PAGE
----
Legendary adman Phil Geier Jr.’s account of decades devoted to helping build the world’s most powerful brands might lack the eye candy of an episode of the hit Madison Avenue based series Mad Men, but he sure doesn’t stint on the drama. In Survive to Thrive, his candid tales of working with the likes of Coca-Cola, Exxon and GMare peppered with incidents of trust and betrayal, epic success (and epic failure), and even death and rebirth.
To the former chairman and CEO of Interpublic’s credit, not all the tales reflect particularly well on the teller. Geier looks back on the disastrous decision to replace Coca-Cola with New Coke – a move he admits “we all got behind.” In not one but two stories, he recounts trusting CAA’s Mike Ovitz, only to become the victim of stunning backstabbing maneuvers. There are even cameo appearances by celebrities, including President Ronald Reagan, whose chance phone call serendipitously pulls Geier out of a tense board meeting – and possibly saves his job as a result. Finally, famed cardiac surgeon Karl Krieger saves Geier himself when he quite literally drops dead of a massive heart attack in the midst of a tennis game.
An entertaining read, Geier’s book is a combination memoir and corporate and industry chronicle. “I tried to give people a feel for what happened and the lessons to be learned,” says Geier, who is widely credited with leading Interpublic from revenues of $500million and 8,000 employees to $5.6 billion in revenues and 50,000 employees between 1977 and 2000.
The New Coke fiasco, for example, was a case of knowing about a potential hitch, but misjudging the consequences. Even though research by the consulting firm McKinsey & Company showed that a large number of customers had an “almost religious attachment” to the existing Coke formula and brand, the company opted to replace it. “They said that those customers ‘have nowhere else to go,’ ” recalls Geier, who notes that the theory proved true but not helpful. “Those customers didn’t go to Pepsi – but they stopped drinking Coke. Just stopped dead.” The resulting consumer uproar was so intense that when the company backpedaled three months later, ABC interrupted General Hospital for a special broadcast by Peter Jennings heralding the return of the original Coke.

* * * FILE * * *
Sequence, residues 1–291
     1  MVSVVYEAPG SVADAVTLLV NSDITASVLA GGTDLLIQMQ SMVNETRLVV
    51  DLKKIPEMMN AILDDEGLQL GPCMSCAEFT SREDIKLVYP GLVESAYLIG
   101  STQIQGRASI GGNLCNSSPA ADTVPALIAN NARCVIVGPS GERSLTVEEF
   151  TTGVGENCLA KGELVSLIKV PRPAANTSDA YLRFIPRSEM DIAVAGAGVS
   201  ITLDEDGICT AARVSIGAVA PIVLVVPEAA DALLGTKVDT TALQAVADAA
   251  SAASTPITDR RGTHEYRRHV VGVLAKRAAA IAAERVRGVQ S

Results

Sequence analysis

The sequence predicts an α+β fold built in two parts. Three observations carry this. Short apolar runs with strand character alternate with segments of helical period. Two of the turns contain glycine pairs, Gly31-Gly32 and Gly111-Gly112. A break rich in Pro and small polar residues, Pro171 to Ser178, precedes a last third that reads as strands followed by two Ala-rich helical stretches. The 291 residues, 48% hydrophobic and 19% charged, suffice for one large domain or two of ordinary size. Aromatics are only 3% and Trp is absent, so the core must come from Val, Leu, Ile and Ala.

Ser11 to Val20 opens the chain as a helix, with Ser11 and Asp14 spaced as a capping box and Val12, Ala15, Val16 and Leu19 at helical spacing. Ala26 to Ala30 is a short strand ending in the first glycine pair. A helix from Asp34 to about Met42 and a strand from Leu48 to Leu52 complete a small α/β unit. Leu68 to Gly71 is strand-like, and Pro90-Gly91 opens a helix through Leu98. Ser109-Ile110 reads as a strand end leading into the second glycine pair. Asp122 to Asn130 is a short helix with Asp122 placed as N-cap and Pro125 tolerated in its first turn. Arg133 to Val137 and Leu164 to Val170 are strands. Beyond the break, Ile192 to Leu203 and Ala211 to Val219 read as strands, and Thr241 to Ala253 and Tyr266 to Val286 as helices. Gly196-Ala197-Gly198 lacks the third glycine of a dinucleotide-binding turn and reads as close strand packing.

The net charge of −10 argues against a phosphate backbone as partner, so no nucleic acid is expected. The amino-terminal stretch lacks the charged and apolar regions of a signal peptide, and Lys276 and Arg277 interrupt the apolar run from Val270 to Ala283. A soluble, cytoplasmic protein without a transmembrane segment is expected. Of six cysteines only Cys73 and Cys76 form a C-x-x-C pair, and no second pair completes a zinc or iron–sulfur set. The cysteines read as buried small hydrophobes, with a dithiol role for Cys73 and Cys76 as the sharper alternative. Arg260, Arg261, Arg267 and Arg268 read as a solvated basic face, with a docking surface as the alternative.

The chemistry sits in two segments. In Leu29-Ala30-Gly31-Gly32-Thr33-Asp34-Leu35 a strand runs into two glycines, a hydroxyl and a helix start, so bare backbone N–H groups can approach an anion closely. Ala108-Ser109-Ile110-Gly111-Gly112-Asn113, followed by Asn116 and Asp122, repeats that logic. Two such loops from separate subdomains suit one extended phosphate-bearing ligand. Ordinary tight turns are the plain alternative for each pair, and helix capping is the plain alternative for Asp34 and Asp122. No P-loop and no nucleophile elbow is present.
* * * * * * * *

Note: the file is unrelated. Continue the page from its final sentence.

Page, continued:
Before Mad Men, there were ad men like Phil Geier, former CEO of Interpublic
The takeaways? “Don’t argue with consumers,” Geier writes. “When they’re mad at you, act fast to appease them.” And, “Don’t assume consultants are always right. They’re not.”
Coming from an agency man at a time when consulting firms are increasingly vying for the strategic marketing role once occupied exclusively by advertising agencies, the latter statement might sound a tad defensive. But while Geier does lament the intrusion of consultants into the marketing mix, he lays the challenge squarely on the ad industry. “It will be the jobs of the new people coming up to figure out how to involve themselves in more than just the advertising business,” he says.
A large part of that task will involve coming to grips with the evolution of the media, says Geier, who points out that his career began long before the likes of MTV, Microsoft and Google, let alone new media like Facebook and Twitter and technology like the iPhone. In addition to multiplying exponentially the number and types of outlets available for brand messaging, new technologies are revolutionizing marketing research capabilities, he points out. “I can test a reaction to an event in a matter of hours,” he says. “If you have a major Tylenol-type crisis situation now, you can know what consumers are thinking in 24 hours, whereas before it would have taken three to five days.”
That capability represents both a challenge and opportunity to the industry. “The speed with which this is taking place is a concern for a lot of people in our business – whether you’re a consultant or in the day-to-day business,” says Geier, who is now the CEO of marketing consulting group The Geier Group. “The ones able to understand those funnels and to take advantage of the research [capabilities] and move quickly to react to those changes will [benefit].”
But even as new media will revolutionize marketing strategy and the speed with which it’s executed, Geier expects traditional media to survive – and potentially continue to thrive. “Everybody thought the radio would die when television came,” he points out. “Television is going to be around a long time – and so will these new devices. Each will have its place and it will be a matter of how to execute the right way and in the right one for what you’re doing.”